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No Accurate Data About Illegal Foreign Nationals: Home Ministry

Sabrang India |
Ministry says existing laws enough, no refugee policy required.
 No accurate data about illegal foreign nationals: Home Ministry

The Ministry of Home Affairs has revealed that it does not have accurate data pertaining to foreign nationals living in India, and therefore no way to ascertain financial burden posed by illegal immigrants. This is significant, as it could add fire to the entire debate surrounding “illegal immigrants” and “infiltrators”.

On July 20, 2022, during the ongoing Monsoon Session of the Parliament, Rajya Sabha Member of Parliament Subhash Chandra Bose Pilli had asked if India had plans to draft a refugee policy and if there was any estimate available for the financial burden placed by refugees (that he estimated to be 20,000 in number).

In response to his question, Minister of State for Home Affairs, Nityanand Rai said that there were existing laws that were sufficient to deal with foreign nationals. “India is not a signatory to the 1951 UN Convention relating to the Status of Refugees and the 1967 Protocol thereon,” said Rai shooting down the need for a refugee policy. He further explained, “All foreign nationals (including refuge seekers) are governed by the provisions contained in The Foreigners Act, 1946, The Registration of Foreigners Act, 1939, The Passport (Entry into India) Act, 1920 and The Citizenship Act, 1955. The existing laws for dealing with foreigners are sufficient to deal with refugees.”

With respect to financial burden posed by illegal immigrants Rai said, “Since foreign nationals claiming to be refugees try to enter into the country without valid travel documents in clandestine and surreptitious manner, accurate data regarding such foreign nationals staying in the country is not centrally available. As such there is no estimation of the financial burden imposed by such foreign nationals.”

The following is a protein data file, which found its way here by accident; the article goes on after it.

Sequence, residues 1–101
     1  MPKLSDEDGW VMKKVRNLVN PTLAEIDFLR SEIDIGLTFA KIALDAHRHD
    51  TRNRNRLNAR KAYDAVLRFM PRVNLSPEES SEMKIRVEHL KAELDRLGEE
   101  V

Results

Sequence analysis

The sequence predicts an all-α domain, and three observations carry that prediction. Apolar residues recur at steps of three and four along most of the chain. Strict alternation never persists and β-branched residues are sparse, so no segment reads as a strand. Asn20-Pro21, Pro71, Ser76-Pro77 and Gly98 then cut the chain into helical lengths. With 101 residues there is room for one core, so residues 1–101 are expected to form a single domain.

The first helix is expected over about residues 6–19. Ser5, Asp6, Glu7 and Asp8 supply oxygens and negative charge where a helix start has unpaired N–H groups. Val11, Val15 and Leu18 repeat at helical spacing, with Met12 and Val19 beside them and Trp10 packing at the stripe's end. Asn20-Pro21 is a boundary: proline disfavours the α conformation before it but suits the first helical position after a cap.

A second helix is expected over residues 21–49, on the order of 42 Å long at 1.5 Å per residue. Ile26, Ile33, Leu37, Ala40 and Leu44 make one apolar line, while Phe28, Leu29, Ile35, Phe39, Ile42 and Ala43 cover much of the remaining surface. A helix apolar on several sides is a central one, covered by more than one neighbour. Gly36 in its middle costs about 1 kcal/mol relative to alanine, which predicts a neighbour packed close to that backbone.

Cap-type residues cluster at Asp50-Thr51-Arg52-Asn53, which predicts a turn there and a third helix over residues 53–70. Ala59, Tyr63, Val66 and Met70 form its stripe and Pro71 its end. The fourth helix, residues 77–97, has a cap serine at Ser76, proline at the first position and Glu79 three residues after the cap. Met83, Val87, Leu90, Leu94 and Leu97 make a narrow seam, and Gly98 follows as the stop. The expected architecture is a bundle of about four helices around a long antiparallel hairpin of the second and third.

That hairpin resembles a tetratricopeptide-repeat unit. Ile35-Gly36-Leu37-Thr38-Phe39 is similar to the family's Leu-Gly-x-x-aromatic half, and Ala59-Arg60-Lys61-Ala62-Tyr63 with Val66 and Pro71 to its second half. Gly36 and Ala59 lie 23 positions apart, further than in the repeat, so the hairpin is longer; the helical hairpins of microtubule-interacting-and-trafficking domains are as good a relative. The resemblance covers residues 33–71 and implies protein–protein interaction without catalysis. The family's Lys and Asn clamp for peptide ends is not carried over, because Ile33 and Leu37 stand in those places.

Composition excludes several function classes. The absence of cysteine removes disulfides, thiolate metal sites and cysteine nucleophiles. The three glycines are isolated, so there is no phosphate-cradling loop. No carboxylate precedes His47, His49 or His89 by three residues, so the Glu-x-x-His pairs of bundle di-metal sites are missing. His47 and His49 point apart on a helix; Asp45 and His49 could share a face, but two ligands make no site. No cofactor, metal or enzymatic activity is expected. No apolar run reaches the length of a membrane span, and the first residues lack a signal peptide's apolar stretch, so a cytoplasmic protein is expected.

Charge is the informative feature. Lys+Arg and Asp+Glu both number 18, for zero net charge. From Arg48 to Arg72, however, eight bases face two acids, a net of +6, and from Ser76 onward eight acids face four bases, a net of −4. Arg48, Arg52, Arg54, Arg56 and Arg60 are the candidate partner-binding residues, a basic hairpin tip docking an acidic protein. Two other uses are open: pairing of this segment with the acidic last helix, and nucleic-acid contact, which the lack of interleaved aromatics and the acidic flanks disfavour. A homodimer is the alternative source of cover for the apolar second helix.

The entire answer may be read here: 

This last bit about financial burden posed by illegal immigrants is particularly significant, as those deemed “outsiders” are being dubbed “encroachers” in Assam, their dwellings razed by bulldozers. However, in most such cases, the ousted residents have claimed to be Indian citizens whose ancestors and families had migrated from other parts of the state due to soil erosion that is prevalent in the riverine region. But they face challenges on account of being Bengali speaking Muslims, as they are presumed to be Bangladeshi “infiltrators”.

In fact, two months after the Dhalpur eviction drive where firing by the Assam Police led to the deaths of two people – 28-year-old daily wage labourer Moinul Haque and 12-year-old Sheikh Farid, the Assam government told the Gauhati High Court that land has been demarcated to rehabilitate evicted and displaced people, however, their citizenship will have to be ascertained before confirming their eligibility. This once again painted the picture that the so called “encroachers” were not Indian.

Similarly, Rohingya refugees, even those who have valid refugee registration documents, have been allegedly targeted in different parts of the country. While reports of campaigns against allegedly illegal Rohingya refugees have been reported from Jammu, incidents of violence against them have been reported from Bengaluru and Hyderabad.

Readers would recall that in wake of the Ram Navami and Hanuman Jayanti communal violence, many right-wing groups, and even members of the Aam Admi Party (AAP) had squarely blamed “Rohingya-Bangladeshis” for the violence. This was used as a virtual justification for the bulldozer drive in Jahangirpuri.

Courtesy: Sabrang India

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